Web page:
Roman military archaeology needs humanizing – it needs theory.
Arguably, it is the creative and critical use of theoretical paradigms that have brought the most humanity to Prehistoric and Early Medieval archaeology. Yet, Roman archaeology, particularly its military archaeology, rests behind the ramparts of excellent excavation reports and robust historical frameworks.
Contemporary post-colonial studies of the Roman empire have presented the Roman army as a violent, if multi-cultural instrument of an aggressive state, spreading empire with the point of a sword. This stance avoids the complexities of politically, economically, and socially managing a geographically widespread military diaspora – soldiers were more than mere killing machines or ethnic auxiliaries removed from their homelands.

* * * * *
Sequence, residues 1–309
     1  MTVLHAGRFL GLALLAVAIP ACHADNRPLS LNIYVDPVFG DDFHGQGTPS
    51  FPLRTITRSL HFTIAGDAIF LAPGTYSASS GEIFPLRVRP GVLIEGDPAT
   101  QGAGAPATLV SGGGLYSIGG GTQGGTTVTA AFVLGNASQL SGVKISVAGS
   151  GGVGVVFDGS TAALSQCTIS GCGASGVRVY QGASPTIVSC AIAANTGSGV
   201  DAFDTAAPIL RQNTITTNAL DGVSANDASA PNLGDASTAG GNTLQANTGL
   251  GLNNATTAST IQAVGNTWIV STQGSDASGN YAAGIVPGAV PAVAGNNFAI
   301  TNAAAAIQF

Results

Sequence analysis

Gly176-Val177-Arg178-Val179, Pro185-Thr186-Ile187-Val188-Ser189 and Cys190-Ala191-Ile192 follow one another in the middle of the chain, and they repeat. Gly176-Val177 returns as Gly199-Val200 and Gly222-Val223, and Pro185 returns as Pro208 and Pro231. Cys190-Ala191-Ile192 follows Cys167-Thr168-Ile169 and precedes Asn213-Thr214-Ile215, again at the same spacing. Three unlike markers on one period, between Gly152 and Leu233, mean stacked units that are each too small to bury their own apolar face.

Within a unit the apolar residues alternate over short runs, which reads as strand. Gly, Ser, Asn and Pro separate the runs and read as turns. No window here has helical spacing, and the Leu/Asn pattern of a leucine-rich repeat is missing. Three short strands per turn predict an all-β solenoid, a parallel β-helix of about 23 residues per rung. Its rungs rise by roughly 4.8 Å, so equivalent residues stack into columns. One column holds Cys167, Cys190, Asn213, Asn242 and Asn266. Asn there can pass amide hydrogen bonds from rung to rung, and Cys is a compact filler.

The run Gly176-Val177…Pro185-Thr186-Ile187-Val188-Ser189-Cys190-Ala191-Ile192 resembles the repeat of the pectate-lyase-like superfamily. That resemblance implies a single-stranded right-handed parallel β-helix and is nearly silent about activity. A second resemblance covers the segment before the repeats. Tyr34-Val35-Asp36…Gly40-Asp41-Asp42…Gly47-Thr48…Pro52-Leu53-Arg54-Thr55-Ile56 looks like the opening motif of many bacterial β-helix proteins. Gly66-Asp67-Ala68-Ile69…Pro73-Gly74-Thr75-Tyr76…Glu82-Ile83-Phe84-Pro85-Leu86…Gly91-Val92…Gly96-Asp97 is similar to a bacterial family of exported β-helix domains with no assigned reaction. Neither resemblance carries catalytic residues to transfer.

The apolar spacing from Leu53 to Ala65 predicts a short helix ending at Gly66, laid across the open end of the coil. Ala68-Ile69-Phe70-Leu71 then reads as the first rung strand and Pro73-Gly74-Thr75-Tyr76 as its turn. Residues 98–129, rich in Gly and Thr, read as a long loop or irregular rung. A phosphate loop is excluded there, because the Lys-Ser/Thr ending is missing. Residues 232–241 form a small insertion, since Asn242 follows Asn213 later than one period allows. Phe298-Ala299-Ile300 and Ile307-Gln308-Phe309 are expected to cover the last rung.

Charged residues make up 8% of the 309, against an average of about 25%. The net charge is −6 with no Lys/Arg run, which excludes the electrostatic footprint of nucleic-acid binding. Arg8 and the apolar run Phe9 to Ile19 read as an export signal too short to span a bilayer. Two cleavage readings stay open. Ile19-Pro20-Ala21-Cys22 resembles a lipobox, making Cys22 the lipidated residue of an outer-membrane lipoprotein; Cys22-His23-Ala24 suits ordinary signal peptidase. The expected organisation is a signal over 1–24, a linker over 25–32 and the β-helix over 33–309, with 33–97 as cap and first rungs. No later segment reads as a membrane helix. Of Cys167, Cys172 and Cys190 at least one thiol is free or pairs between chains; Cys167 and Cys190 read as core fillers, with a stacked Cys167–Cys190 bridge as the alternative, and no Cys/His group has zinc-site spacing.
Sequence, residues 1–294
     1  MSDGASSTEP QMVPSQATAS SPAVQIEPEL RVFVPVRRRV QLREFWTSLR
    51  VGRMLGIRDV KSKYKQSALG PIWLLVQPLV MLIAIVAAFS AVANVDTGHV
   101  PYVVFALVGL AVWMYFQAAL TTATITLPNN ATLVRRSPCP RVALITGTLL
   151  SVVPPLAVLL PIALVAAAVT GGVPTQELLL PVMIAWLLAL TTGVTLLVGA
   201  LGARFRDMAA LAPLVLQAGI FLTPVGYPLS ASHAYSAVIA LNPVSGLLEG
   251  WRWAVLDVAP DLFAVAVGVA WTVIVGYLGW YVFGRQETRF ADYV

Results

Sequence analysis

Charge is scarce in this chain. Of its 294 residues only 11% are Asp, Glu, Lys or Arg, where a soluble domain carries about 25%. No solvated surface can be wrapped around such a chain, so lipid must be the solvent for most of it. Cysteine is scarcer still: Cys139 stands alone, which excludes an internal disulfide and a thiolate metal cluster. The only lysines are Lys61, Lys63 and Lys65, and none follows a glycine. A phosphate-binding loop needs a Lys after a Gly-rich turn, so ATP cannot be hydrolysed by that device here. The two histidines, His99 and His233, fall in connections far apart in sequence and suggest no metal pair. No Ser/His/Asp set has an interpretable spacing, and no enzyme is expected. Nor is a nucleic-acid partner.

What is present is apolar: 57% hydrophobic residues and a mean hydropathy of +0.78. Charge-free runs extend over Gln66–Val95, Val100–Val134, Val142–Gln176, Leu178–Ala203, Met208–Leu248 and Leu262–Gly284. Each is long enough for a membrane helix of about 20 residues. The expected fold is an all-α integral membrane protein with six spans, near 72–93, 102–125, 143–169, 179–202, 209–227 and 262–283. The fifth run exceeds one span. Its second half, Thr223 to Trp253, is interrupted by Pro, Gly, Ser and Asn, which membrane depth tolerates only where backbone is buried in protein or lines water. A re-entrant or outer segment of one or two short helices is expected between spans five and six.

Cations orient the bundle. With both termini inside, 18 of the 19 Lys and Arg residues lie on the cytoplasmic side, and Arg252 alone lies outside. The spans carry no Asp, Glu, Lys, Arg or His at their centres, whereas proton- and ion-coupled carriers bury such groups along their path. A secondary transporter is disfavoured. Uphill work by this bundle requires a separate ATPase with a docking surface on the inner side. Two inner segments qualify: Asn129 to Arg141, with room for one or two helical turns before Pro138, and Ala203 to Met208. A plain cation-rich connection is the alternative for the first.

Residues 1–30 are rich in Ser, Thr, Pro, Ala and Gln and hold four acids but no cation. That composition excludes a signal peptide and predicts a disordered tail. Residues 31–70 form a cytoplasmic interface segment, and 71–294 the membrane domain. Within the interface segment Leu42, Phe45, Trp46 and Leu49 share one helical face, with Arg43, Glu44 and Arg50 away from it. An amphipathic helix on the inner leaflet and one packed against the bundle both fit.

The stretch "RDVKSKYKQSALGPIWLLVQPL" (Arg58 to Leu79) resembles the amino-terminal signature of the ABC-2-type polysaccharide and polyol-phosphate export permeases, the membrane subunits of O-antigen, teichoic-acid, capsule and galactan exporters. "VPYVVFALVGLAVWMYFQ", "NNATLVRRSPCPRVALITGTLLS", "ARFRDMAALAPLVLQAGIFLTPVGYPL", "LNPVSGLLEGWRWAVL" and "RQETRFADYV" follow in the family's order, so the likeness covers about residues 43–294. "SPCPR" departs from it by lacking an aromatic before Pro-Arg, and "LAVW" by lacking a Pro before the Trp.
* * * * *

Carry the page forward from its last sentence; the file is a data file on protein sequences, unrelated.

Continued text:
There are vast quantities of data from across the empire, and more than two generations of sociological and psychological analysis of modern militaries. Roman military archaeologists can potentially lead the field in the application, development and testing of theoretical paradigms and models. But generals are needed!
This session seeks papers that provide a new outlook or insight on Roman military archaeology through the use of theory, at both the grand scale and the small keyhole evaluation.